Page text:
High Temperature Research Centre (HTRC)
University of Birmingham
The High Temperature Research Centre (HTRC) has been established with Rolls-Royce plc, creating a unique world-class casting, design, simulation and manufacturing research facility. It produces aero engine castings, delivering underpinning casting materials research, radical process improvements and predictive processing modelling. Located at Ansty Park, the HTRC is complemented by laboratory facilities at the university's Edgbaston campus. Rolls-Royce is the sole co-investor and has committed over £40m to the project.
- There is a strong collaborative partnership between the University of Birmingham and Rolls-Royce, fostering knowledge exchange between academia and industry;
- HTRC has formed a strong partnership with the Manufacturing Technology Centre (MTC) and is working with the National Physical Laboratory (NPL);
- Founded on prior research, the HTRC has already started to demonstrate new manufacturing capabilities, providing significant time compression in design and manufacturing components for engine development programmes;
- HTRC has secured £5m of funding from Innovate UK's Aerospace Technology Institute (ATI);
- Work at the HTRC is expected to deliver up to six new patents in the near term;
- The secure setting of the HTRC has been key to collaboration between industry and academic researchers, allowing commercially sensitive information to be shared internally.
"There is a greater amount of the manufacturing process under one roof [at the HTRC] than anywhere in Rolls Royce" (Project leader)
The HTRC has developed a research programme that aligns with the production process, and employs a partnership model with Rolls-Royce to resource high priority work. The centre provides a unique collaboration and translational interface between research, design and manufacturing processes.
Workspace and equipment
The HTRC facilities focus on design and manufacturing aspects of investment casting, and host the following processes: Core, Wax, Shell, Cast, Chemical Processing, Measurement & Inspection, and Laboratories. The HTRC contains equipment that allows research at the production scale and includes a single crystal casting facility, as well as metallurgy and materials characterisation equipment.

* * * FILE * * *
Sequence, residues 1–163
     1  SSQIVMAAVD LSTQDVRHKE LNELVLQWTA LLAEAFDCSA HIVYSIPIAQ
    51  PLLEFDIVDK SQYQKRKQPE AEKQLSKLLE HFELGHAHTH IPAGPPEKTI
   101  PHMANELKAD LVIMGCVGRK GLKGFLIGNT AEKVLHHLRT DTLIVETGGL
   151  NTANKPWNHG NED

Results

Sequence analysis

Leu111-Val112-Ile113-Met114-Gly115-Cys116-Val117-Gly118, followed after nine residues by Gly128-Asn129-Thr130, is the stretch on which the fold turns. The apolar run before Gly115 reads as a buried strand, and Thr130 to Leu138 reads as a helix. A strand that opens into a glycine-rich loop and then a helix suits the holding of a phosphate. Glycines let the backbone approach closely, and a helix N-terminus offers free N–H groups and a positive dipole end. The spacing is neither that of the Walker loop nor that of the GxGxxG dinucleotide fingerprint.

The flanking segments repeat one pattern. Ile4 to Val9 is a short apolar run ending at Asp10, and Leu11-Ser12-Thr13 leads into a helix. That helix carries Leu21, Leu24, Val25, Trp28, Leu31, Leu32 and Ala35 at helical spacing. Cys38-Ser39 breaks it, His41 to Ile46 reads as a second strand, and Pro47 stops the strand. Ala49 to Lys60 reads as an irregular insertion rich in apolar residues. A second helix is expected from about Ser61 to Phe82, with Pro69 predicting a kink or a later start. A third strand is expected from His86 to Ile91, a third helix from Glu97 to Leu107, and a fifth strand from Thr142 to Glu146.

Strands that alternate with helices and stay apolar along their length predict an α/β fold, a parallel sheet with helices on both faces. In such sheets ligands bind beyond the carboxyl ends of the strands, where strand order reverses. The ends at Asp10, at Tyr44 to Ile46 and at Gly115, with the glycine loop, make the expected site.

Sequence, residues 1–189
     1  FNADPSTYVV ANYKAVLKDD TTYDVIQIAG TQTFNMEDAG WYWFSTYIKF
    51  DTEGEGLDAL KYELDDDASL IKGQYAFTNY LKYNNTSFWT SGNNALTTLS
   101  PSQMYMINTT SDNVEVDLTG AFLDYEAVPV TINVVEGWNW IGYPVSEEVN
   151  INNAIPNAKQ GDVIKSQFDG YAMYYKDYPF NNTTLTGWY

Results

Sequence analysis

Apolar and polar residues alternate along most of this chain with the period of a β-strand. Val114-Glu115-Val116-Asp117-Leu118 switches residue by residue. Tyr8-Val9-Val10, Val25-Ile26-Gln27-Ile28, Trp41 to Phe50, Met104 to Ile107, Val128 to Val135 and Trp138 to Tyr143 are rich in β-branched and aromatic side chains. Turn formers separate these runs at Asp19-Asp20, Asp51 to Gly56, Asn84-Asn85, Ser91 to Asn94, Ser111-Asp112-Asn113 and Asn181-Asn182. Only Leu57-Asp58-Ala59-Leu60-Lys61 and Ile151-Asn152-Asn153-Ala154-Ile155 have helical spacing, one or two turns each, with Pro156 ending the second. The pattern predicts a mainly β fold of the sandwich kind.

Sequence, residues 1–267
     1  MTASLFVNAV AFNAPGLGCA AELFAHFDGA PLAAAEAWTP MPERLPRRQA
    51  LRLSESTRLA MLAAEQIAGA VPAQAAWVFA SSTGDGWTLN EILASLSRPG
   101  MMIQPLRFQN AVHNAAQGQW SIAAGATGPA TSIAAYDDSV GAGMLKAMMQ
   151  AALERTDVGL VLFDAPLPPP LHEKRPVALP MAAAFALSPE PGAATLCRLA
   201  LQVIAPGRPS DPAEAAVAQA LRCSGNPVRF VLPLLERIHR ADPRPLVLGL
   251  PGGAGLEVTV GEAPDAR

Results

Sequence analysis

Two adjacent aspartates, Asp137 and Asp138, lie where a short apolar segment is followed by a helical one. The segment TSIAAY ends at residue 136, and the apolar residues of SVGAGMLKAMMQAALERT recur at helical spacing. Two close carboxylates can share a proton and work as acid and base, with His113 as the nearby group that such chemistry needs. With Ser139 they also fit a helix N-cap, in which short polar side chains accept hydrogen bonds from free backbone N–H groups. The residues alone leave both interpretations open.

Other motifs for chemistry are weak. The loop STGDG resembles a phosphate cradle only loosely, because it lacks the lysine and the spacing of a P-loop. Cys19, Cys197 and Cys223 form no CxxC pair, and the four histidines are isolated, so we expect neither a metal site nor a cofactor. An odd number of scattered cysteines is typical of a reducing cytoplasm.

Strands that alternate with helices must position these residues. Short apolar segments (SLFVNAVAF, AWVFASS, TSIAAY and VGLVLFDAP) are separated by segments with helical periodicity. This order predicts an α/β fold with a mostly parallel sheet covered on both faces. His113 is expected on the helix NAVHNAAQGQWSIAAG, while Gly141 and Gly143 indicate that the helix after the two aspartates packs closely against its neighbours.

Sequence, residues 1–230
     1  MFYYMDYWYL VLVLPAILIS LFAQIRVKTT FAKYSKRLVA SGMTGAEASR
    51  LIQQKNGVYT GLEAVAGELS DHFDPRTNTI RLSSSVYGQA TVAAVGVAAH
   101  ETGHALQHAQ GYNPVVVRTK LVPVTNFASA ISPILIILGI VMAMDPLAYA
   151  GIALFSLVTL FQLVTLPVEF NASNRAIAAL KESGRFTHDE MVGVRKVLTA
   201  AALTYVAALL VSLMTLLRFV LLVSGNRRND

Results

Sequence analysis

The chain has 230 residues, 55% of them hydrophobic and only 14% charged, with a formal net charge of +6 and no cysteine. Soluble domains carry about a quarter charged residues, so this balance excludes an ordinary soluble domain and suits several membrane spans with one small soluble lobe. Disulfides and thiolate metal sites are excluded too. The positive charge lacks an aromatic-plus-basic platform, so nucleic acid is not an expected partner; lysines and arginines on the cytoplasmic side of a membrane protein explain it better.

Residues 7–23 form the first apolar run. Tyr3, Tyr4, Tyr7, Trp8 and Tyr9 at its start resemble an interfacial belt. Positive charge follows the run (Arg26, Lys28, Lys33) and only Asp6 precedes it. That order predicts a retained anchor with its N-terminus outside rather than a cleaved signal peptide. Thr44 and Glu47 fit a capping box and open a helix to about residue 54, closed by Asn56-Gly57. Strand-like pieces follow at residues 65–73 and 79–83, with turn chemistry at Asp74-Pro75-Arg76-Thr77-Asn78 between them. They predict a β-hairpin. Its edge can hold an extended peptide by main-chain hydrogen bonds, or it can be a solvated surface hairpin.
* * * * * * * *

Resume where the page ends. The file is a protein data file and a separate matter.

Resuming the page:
The integration of an in-house equipment base has accelerated processes and provided additional opportunities for data analysis and the development of new process controls.
The focus on security at the HTRC allows academics, researchers and engineers to share and develop commercially valuable Intellectual Property (IP).
Co-location and research/industry interaction
The co-location of industry and academia at the HTRC breaks down silos between the research, design and production processes. This promotes a dialogue between researchers and engineers, shortens R&D times and speeds up the delivery of useable technologies. The co-location of Rolls-Royce staff and researchers promotes knowledge exchange between industry and academia. Researchers at the HTRC develop skills such as production process management and control, with Rolls-Royce engineers able to optimise equipment use outside of the highly-automated production environment.
Co-location of industrial and academic expertise means that researchers can scope production issues with Rolls-Royce; this has resulted in research-led efficiencies through reducing defects due to improvements in the manufacturing process.
Staffing and skills outputs
The HTRC comprises operational staff running the facility, researchers and engineers based in the centre, and a network of associates who use the facility.
Rolls-Royce has embedded its single crystal casting research facilities to HTRC, creating ten engineer positions in the process.